By Kristin Kalning
SAN JUAN, PUERTO RICO -- Hurricane Maria made landfall on Puerto Rico on September 20, 2017. Casey Harrity, Hurricane Response Team Leader for Save the Children, deployed from Washington D.C. to the island on September 24.
“In the first days after the storm, the entire island was without power or cell coverage; lines for fuel, ice, or ATMs could last 12 or 14 hours,” said Casey (pictured above, at a recent NetHope Learning Workshop in Puerto Rico). ”There were hundreds of shelters open across the island and 100 percent of schools were closed. From those early days, there have been huge improvements but there is still a long way to go in the recovery process.”
Save the Children is one of NetHope’s founding members, and has been a close and active collaborator ever since. Globally, Save the Children’s responses center around three pillars: child protection; education, and health and nutrition.
In a U.S. domestic response, Save the Children works closely with FEMA and the American Red Cross. Through these relationships, Save the Children had access to the Puerto Rico Joint Field Office located in the Convention Center in San Juan. This center became a logistics and coordination hub for response activities across the island in the wake of Hurricane Maria.
After Hurricane Maria, NetHope signaled to its members and partners that it planned to deploy to the island. Casey coordinated with Save the Children headquarters, and worked to connect Rami Shakra, NetHope’s Director of Field Connectivity (and former Save the Children staffer) with her operations team on the ground in San Juan. Casey also introduced Rami to key federal emergency contacts, as well. “Once Rami had the connections, he ran it from there,” she recalls.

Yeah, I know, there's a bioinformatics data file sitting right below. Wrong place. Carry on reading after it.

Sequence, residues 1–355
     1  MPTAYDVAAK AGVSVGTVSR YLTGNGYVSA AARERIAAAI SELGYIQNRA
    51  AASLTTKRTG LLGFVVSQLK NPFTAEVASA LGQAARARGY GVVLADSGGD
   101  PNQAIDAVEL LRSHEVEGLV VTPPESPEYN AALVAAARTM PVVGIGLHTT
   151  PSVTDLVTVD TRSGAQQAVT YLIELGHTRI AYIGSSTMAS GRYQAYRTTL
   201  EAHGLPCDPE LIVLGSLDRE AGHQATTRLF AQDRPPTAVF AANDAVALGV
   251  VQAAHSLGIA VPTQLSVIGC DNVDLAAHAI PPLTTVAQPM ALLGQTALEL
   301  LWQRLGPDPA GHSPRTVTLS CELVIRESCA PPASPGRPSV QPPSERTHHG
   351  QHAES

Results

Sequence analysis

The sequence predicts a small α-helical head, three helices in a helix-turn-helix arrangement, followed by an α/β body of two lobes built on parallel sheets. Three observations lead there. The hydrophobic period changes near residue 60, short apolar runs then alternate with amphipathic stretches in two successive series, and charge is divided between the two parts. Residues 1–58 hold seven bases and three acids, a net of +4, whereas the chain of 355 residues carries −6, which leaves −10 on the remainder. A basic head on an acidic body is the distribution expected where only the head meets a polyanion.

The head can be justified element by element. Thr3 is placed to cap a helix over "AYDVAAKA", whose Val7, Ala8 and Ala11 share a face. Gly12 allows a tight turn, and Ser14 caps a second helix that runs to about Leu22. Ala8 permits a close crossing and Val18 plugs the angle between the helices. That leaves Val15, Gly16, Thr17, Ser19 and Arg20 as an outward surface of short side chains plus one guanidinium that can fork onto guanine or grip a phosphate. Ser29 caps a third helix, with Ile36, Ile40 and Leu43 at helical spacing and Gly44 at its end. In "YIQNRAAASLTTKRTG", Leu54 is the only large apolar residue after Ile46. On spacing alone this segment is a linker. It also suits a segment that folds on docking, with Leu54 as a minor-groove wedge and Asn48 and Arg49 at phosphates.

Save the Children did more than just facilitate connections. In the early days after the storm, NetHope was arranging to ship tons of equipment from the mainland – and needed an address on the receiving end. Samaritan’s Purse, another NetHope member with a presence in Puerto Rico, supplied warehouse space initially. And Save the Children came through with a second warehouse, as well as shared office space, which NetHope is still using today.
Save the Children’s focus in Puerto Rico is centered on education, programs that support children’s emotional and mental health, and resilience. Since 2000, 10 percent of Puerto Rico’s residents have left the island, with the worst of the exodus occurring after the 2008 financial crisis. Before Maria, the Department of Education had begun a process of consolidating schools across Puerto Rico. With another 22,000 students leaving since September, additional schools will have to merge.
“We are concerned that children have lost learning opportunities – initially due to school closures after the hurricane and currently because many schools are still running only half days,” explained Casey. “As the process of consolidating schools continues, we want to ensure children are receiving the highest quality education but the schools will need support -- with transportation, classroom materials, and classroom management.”
Without power, there is no connectivity. And without connectivity, “administratively, the schools can’t run,” said Casey. For instance, to request a substitute teacher – a common issue since many teachers have left the island – schools need a tablet and an internet connection. Teachers can’t access resources and tools for the new project-based learning curriculum. And students are falling behind their counterparts on the mainland.
In 10 locations across the island, Save the Children is working to create model communities and child resilience plans. NetHope is providing connectivity to the schools and community centers. “We are working closely with donors and with the Department of Education to find creative solutions to the problems created in the wake of the hurricane,” said Casey.
To donate to NetHope’s Hurricane Relief Fund, please click here. Thank you for your continued support.
Filed Under: Emergency Preparedness and Response